The US Department of Energy would have no trouble meeting a 45-day deadline to reach a national interest determination for proposed LNG export facilities that a US Senate bill would establish, Christopher A. Smith, assistant US energy secretary for fossil energy, told the Energy and Natural Resources Committee.
“The changes the department has made to its process have been along those same lines,” he said on Jan. 29 in response to Chairwoman Lisa Murkowski’s (R-Alas.) question about S. 33. “We believe we’ve moving in the same direction, and are using the current statute to move ahead. If the legislation is passed in its current form, we can comply with it.”
Smith was less certain about DOE’s meeting a 30-day deadline in a similar bill the US House of Representatives approved a day earlier (OGJ Online, Jan. 28, 2015). He said he had not yet reviewed that measure.
“You said the department is committed to act expeditiously, but I don’t think we’ve got those results,” committee member John A. Barrasso (R-Wyo.), who cosponsored the Senate measure with Martin A. Heinrich (D-NM), told him.
Smith said DOE requires an LNG export facility applicant to satisfy the Federal Energy Regulatory Commission’s siting requirements and a National Environmental Policy Act review before determining the national interest determination process.
“In terms of how the process currently operates, the department believes an applicant needs authorization from FERC to make sure the plant operates safely,” he explained. “Once a project comes out of that pew, the department sometimes has acted the next day. Our intent certainly is to move quickly. But we also have to write these orders carefully and make sure they withstand the necessary scrutiny.”
Life cycle impacts
Smith also told committee member Bill Cassidy (R-La.) that DOE will continue to consider a proposed LNG export project’s potential environmental life cycle impacts in determining whether approving an application is in the US national interest.
Cassidy observed that FERC, in its reviews of proposed LNG export projects, considers such a project’s life cycle impacts imponderable. “That particular determination is full of variables,” he said. “You’re picking a number which is filled with political considerations.”
“We’re looking at two different considerations,” Smith replied. “FERC’s job is to determine whether building the plant is consistent with safety and environmental stability. DOE has to look at all the aspects of a public interest determination.
“When we issue an order, it’s actually a very complex argument that has to consider arguments from all the stakeholders, including the diverse ideas we’ve heard in this hearing,” he continued. “Our goal is to write a concise order that will withstand all the scrutiny.”
Other witnesses said that increasing US LNG exports would stimulate presently shut-in domestic unconventional gas production because it would open new markets while not increasing US gas prices significantly.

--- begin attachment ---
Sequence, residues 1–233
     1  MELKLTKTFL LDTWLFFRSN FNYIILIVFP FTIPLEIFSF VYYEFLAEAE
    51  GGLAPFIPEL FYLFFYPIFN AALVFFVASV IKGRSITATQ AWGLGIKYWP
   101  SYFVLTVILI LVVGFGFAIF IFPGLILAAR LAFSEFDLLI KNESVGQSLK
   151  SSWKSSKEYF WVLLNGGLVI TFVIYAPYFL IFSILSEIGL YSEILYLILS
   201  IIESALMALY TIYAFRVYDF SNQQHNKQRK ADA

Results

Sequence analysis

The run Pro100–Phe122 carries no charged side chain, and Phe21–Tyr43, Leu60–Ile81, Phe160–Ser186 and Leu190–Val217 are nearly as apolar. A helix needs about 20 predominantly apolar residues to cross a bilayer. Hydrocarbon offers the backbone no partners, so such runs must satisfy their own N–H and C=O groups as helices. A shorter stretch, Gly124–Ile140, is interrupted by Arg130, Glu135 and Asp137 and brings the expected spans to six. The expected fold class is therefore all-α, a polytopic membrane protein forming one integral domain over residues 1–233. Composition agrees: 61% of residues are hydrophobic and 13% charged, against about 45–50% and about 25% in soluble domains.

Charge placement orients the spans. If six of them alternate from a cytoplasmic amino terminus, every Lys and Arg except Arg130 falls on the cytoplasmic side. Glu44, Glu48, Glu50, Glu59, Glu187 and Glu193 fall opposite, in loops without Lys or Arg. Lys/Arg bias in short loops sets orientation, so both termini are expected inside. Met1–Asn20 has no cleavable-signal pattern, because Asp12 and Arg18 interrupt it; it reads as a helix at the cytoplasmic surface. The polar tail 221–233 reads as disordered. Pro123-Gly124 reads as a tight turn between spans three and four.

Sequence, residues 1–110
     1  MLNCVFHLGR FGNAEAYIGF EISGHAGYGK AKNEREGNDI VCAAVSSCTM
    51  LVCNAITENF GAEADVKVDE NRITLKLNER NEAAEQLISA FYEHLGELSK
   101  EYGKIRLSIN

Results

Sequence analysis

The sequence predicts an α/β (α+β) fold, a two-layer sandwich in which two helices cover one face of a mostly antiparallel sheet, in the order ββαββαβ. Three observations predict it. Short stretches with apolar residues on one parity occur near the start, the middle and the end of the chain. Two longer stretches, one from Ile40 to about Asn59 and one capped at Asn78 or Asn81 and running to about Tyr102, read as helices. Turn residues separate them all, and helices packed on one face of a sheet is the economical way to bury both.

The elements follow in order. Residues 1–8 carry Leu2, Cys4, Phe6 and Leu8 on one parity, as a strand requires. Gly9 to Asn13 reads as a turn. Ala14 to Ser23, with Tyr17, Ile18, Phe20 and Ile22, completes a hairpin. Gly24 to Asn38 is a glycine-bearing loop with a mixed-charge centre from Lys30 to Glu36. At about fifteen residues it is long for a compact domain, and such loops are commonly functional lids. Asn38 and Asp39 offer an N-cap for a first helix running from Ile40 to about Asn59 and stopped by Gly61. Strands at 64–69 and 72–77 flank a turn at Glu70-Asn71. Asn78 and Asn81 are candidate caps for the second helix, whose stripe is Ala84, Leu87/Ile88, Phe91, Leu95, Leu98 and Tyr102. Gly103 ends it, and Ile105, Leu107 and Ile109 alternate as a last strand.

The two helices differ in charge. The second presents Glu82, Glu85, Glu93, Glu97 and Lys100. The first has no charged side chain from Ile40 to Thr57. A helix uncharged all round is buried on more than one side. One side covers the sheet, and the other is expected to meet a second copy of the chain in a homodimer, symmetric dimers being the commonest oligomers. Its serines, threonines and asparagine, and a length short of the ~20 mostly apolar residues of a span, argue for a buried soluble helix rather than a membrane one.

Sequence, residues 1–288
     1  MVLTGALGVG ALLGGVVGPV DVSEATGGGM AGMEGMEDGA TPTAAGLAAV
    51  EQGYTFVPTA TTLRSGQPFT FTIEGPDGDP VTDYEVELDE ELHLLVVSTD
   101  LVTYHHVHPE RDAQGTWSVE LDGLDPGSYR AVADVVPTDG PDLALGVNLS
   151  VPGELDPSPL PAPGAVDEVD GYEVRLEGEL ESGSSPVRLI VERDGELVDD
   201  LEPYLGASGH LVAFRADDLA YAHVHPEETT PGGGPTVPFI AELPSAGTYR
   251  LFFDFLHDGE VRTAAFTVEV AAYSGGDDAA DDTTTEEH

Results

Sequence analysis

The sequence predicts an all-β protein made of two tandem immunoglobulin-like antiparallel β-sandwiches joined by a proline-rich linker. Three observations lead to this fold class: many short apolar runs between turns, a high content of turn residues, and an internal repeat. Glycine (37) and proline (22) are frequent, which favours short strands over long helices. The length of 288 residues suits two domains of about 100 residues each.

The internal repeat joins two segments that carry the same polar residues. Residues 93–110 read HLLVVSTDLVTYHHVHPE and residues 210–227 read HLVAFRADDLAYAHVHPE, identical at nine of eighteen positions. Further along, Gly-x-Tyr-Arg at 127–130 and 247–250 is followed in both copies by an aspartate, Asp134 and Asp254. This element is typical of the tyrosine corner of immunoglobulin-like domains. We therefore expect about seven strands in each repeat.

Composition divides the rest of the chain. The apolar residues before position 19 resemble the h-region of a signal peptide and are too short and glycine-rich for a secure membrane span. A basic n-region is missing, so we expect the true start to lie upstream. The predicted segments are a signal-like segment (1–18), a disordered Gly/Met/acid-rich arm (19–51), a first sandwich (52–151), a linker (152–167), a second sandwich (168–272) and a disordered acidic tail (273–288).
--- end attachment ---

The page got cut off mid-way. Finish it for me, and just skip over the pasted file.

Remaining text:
“We’re posing this question as an either-or proposition when we could have both,” America’s Natural Gas Alliance Pres. Martin J. Durbin said. “The limit is going to be determined by global markets. They’re going to influence the number of facilities we build.”
No adverse consequences
“I’ve read most of the studies, and they all come out at the same place,” added Ross E. Eisenberg, vice-president for energy and resources policy at the National Association of Manufacturers. “[National Economic Research Associates] recently updated the study it did 2 years ago for DOE and again showed no adverse impacts for manufacturing from LNG imports. No one will be harmed.”
“It already has helped Europe,” said David Koranyi, who directs the Atlantic Council’s Eurasian Energy Future Initiative. “One of the reason Gazprom had to renegotiate long-term contracts was that several countries built import terminals and began receiving supplies from Qatar and elsewhere. There could be further downward pressure on prices if more countries complete infrastructure to integrate markets, particularly in Central and Eastern Europe.”
Industrial Energy Consumers of America President Paul N. Cicio called for a more cautious approach. “My members’ operating costs for gas range from 20 to 80%,” he said. “There’s no specific price point. But natural gas is subsidized and regulated in countries around the world at much lower prices than here. When we come to this issue, we’re looking at the long term. There are uncertainties in the domestic market that potentially affect supplies.”
Other committee members also questioned whether increasing LNG exports dramatically was wise. “There’s no benefit for Minnesotans in sending this energy abroad,” said Al Franken (D-Minn.). “Manufacturing creates 8 times as many jobs. If you export a natural resource, the people who produce it benefit. But it doesn’t do anything to create jobs in Minnesota.”
“I have been to factories and looked at people who have lost their jobs to other countries,” said Angus King (I-Me.). “We have no advantage on environmental regulations or economics. We do have one on natural gas prices. I just don’t get it. I think we’ll look back on this moment and ask what people were thinking.”
Contact Nick Snow at firstname.lastname@example.org.